- The facts that the design and details of the temporary works were imposed by Ford, that Plant had Clive Adams as their consulting engineer, that others were at fault, or that JMH were contractually obliged to do what Ford instructed did not negative or reduce the extent of performance of the implied terms.
- JMH's duty extended to giving property warnings about risk.
The facts of Bolam were concerned with a medical negligence case; how-ever in Williams, which approved Bolam subject to the three qualifications, the problem was a defective gas fired heating system. Clearly, therefore, the test set out in Bolam is equally applicable to other professional people and those exercising specialist skills: see also Greaves & Co (Contractors) Ltd v Baynham Meikle and Partners below.
An error of judgment or the selection of the wrong method where there is a genuine difference of specialists’ opinion will not necessarily amount to negligence. In Robinson v The Post Office, R, a doctor in general practice, injected a patient with an anti-tetanus serum without first administering a test dose. At the relevant time, medical opinion was moving against the use of anti-tetanus serums generally. The Court of Appeal held that since R's failure to give a test dose was contrary to accepted procedure, he had been negligent, but that no damage had been caused as the result of the test would have been negative, and that, since at the time there was still a responsible body of medical opinion who favoured anti-tetanus serum, he had not been negligent in using it. Similarly, in the case of Perry v Tendring District Council and Others which dealt with, inter alia, the failure of a consultant engineer to design foundations that would be unaffected by long term soil heave, the court considered that the standard of care depended on 'what was to be expected of the competent engineer at the material date' (i.e time he designed the foundations). This is the 'state of the art' defence. There was conflicting expert witness evidence. One expert engineer personally knew of heave but was only able to refer to one textbook intended for engineers that dealt with it. Another expert had not read that textbook and thought that engineers generally would not have known of heave although that particular expert had expressed a contrary view some 12 years after the material date. Two other engineers stated categorically that they had never heard of heave. Judge Newey stated:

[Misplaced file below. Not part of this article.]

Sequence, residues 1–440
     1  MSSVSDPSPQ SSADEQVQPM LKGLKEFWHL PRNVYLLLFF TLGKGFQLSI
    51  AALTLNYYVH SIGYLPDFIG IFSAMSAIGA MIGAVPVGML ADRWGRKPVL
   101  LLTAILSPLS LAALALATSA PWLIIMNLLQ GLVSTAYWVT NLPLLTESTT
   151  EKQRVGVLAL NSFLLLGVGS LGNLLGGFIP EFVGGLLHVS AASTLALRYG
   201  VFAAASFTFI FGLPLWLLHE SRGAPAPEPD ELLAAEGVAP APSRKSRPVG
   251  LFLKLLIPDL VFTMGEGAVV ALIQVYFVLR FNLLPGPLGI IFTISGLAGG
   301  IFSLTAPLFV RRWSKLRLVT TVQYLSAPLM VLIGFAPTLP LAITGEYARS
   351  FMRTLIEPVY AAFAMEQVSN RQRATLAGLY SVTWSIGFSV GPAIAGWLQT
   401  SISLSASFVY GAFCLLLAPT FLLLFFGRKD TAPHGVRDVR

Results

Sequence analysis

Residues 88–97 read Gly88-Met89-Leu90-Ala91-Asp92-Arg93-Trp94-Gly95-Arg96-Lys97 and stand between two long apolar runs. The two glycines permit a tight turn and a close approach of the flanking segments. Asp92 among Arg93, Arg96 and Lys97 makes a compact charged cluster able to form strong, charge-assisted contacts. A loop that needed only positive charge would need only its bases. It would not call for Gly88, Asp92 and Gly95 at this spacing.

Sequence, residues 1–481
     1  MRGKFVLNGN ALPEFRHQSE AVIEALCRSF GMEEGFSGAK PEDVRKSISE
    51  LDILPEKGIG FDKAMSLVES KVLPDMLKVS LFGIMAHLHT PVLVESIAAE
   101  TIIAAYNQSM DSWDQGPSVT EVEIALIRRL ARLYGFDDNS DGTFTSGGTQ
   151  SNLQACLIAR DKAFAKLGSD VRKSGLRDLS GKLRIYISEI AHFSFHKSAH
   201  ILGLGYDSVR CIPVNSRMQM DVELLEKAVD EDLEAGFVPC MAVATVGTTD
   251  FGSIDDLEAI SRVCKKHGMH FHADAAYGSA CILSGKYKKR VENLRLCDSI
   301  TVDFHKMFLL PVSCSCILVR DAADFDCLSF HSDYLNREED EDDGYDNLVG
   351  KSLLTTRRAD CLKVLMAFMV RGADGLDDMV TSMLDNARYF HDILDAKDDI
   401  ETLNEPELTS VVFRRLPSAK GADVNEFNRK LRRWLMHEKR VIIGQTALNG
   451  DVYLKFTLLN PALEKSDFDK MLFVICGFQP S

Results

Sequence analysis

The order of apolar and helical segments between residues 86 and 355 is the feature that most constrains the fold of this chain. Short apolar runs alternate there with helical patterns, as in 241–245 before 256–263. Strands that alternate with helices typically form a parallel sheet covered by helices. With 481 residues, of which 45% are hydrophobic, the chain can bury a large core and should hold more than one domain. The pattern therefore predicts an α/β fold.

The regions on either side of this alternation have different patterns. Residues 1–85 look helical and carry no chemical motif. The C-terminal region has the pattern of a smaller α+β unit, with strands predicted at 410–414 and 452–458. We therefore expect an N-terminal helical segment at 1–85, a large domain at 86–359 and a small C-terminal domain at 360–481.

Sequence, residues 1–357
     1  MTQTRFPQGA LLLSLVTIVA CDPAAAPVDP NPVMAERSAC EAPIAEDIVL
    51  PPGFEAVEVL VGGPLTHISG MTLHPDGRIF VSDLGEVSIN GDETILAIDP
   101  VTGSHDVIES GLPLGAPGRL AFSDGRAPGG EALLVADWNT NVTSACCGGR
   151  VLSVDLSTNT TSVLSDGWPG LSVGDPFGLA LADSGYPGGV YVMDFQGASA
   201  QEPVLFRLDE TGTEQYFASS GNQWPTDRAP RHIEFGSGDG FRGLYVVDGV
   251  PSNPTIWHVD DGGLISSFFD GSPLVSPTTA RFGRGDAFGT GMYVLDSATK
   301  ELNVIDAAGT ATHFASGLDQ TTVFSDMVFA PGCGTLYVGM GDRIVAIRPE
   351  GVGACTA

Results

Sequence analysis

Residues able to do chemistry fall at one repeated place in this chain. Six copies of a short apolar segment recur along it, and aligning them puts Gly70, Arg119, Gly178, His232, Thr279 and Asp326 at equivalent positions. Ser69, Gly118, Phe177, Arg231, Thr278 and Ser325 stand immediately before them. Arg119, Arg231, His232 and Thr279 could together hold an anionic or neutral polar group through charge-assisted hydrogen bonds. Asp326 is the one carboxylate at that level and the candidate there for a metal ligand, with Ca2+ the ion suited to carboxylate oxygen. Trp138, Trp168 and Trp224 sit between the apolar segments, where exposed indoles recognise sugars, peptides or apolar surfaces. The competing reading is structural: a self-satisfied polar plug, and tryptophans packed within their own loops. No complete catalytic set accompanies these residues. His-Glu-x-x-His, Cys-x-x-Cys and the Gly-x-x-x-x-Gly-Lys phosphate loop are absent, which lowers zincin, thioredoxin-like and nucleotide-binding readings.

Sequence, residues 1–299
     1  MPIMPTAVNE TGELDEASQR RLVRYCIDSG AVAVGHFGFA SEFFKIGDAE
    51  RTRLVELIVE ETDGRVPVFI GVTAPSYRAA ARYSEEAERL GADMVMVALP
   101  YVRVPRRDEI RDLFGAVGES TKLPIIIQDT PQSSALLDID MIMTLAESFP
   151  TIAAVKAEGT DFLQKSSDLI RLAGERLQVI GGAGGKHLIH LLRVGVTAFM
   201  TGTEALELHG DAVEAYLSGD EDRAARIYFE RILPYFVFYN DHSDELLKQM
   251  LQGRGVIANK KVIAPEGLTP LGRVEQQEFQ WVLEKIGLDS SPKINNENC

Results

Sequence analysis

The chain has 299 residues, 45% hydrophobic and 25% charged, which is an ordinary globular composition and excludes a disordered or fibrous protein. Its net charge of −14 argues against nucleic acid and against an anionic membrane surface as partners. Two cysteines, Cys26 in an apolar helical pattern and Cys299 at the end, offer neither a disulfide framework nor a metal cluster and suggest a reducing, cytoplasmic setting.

A more draconian attitude was adopted by the House of Lords in Independent Broadcasting Authority v EMI Electronics Limited and BICC Construction Ltd . The defendant’s submissions that the design and building of the cylindrical mast was work which was 'both at and beyond the frontiers of professional knowledge at that time' was not disputed by their Lordships, nevertheless they held that the designer was negligent. As regards the state of the art submission, Viscount Dilhorne stated:
'No doubt all this was true, and bearing in mind the consequences that might ensue if such a mast collapsed - fortunately no-one was killed or injured at Emley Moor, though part of the mast fell across a road and it might have fallen on a farmhouse - it was in my opinion incumbent on [the designer] to exercise a very high degree of care’
There are conflicting judicial decisions on the issue of whether a professional man who specialises within his profession has a higher duty than the non-specialist. In Wimpey Construction UK v Poole a consultant held himself out as having especially high skills and was retained on that basis. The court rejected the argument that the test in such circumstances should be that of a man exercising or professing to have especially high professional skills. However in Ashcroft v Mersey Regional Health Authority, the court found that the more skilled a person, the more the care which is to be expected of him, but the test should be applied without gloss either way.